1. Although my first job out of college was neither a permanent position nor my dream gig, I still learned a lot about myself and how the world works. School was wonderful for me and I loved every moment, but it resides in a bubble that doesn’t entirely prepare you for the realities of the workforce. Throughout my six-month stint, I was simultaneously impressed with how people make things happen and flabbergasted at how anyone gets anything done ever.
2. I take immense pride in my work, and that quality is an asset. I am allowed to feel proud of my work, and I should devote my time to a job or project that encourages that and pushes me to do my very best. I will not work at a job or accept a freelance assignment that robs me of that. Life is too short.
3. On so, so, so many instances, I learned that a project is toast without strong and clear communication among team members. If you’re in a managerial position, understanding the need for this kind of communication and facilitating it is very important.There is a significant difference between saying something like “I don’t like the particular word you used” and giving meaningful and constructive feedback. Avoid the former at all costs. I’m working towards being an editor, and maintaining close working relationships — without micromanaging — is integral to running a successful publication. I will never forget that.
4. A work squad was very, very important for my daily and overall sanity, and so was a revolving soundtrack of Hamilton, Kanye West and Wu-Tang Clan. Being able to interact with people made doing very isolating digital work happen, and listening to good music definitely helped. Viva la Gchat.
5. No one told me how hard it is on the body, mentally and physically, to have a full-time job. Office chairs are the worst, and so are car seats. I know why this exhaustion has become part of the culture, but I don’t like it.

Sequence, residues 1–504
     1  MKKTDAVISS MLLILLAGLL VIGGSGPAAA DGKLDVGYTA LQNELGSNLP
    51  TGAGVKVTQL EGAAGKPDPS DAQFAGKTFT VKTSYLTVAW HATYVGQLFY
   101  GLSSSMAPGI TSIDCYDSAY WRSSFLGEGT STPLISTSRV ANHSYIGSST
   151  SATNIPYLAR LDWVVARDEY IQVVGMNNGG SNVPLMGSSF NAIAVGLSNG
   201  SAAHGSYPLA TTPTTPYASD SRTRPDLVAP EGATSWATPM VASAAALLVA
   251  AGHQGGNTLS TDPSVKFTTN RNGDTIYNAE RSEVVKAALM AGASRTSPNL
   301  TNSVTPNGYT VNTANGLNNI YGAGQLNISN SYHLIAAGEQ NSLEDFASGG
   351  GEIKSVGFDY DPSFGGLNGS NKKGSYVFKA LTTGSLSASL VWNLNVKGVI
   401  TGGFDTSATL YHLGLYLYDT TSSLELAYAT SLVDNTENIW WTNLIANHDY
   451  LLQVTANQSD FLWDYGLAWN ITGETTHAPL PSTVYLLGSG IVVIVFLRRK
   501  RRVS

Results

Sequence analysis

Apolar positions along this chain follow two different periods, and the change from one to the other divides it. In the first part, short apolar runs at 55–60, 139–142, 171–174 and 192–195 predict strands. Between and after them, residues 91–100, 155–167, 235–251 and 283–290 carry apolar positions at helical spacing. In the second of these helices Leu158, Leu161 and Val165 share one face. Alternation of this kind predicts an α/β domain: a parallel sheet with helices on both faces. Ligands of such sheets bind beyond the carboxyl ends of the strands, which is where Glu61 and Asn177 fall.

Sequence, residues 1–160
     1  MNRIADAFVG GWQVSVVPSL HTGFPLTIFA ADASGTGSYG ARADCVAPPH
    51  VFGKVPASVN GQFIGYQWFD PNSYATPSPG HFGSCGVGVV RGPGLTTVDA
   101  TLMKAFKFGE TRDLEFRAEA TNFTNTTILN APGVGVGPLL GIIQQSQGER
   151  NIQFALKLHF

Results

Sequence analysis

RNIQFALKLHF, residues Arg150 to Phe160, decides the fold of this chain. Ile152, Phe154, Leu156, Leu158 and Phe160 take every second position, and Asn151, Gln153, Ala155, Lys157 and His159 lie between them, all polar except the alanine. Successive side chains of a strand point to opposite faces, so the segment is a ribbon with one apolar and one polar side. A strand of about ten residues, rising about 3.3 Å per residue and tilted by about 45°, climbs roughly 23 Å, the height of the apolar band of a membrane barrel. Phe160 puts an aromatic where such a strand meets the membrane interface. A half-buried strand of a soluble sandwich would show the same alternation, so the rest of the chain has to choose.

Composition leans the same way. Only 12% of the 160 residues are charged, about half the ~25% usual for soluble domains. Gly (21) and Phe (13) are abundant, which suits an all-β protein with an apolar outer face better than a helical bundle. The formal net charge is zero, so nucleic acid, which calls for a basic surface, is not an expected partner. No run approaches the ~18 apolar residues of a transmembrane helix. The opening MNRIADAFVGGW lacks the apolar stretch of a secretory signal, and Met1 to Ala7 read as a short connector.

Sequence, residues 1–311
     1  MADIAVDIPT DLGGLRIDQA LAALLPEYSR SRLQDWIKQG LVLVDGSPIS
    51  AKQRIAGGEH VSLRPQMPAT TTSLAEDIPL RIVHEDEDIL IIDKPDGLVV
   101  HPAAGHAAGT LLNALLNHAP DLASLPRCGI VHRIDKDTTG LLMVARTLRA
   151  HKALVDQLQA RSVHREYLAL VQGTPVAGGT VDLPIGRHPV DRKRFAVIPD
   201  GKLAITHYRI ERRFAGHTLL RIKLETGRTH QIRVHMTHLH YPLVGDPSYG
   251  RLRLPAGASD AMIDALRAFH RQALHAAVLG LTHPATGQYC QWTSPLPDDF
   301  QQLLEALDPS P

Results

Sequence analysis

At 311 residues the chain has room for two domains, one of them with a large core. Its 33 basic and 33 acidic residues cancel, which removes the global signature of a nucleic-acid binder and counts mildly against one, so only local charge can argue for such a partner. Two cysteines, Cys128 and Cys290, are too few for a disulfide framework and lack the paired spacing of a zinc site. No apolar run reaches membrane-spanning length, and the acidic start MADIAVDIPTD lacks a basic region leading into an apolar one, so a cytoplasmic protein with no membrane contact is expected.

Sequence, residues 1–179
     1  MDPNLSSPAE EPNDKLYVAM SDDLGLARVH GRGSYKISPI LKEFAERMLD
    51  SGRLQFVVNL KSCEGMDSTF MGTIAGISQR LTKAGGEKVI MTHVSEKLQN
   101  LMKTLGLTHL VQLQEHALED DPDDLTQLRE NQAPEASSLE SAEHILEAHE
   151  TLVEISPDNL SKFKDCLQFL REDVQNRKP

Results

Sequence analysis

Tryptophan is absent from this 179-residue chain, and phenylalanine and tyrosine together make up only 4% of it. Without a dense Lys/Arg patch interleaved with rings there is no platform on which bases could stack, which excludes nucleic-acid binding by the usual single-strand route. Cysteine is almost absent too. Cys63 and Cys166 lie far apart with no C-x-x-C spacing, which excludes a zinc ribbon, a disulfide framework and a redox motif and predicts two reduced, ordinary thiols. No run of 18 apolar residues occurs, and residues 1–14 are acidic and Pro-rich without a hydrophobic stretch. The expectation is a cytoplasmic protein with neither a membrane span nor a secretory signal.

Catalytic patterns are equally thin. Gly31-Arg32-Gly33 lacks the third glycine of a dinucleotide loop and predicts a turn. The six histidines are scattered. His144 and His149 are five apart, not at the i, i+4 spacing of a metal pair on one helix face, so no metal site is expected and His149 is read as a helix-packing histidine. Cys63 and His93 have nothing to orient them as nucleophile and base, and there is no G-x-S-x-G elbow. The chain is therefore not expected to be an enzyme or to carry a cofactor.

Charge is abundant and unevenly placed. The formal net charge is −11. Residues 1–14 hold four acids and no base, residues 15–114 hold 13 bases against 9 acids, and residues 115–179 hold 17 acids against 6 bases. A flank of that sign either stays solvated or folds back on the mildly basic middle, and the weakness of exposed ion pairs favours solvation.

6. Everything is an opportunity to strengthen my writing skills, whether that’s writing a two-word headline or a detailed email replying to a questionnaire. Besides my freelance work, 90 percent of the professional writing I did for six months were phrases and sentences shorter than a tweet. At the time, I didn’t know this was a learning opportunity — I learned how to work under character limits I couldn’t push and communicate ideas concisely. This reminded me that I should always pay attention to word choice and syntax, and anticipate the range of reactions the intended audience might have.
7. A lot of people don’t proofread the things they write, even if that writing isn’t for public consumption. It’s irritating.
8. There were people that walked into my life that would not have otherwise if I hadn’t taken the job, which on some level made the schlepping two hours each way and doing deeply shallow work worth it. Personal and professional doors to opportunity opened wide for me. I marvel at the serendipity.
9. One of my biggest realizations was that I was pressuring myself to be immediately successful, and felt stupidly self-conscious when I read about people my age making larger strides. But just because I don’t hit a milestone faster than my peers doesn’t mean I’m not good at something. I am young and have plenty of time to build my career. Slow and steady wins the race.
10. No matter what happens, I love myself and know that everything in my life is going to work out for the best. I trust the universe and its magic.
Do you have thoughts on the post-grad world? Let’s talk about it in the comments.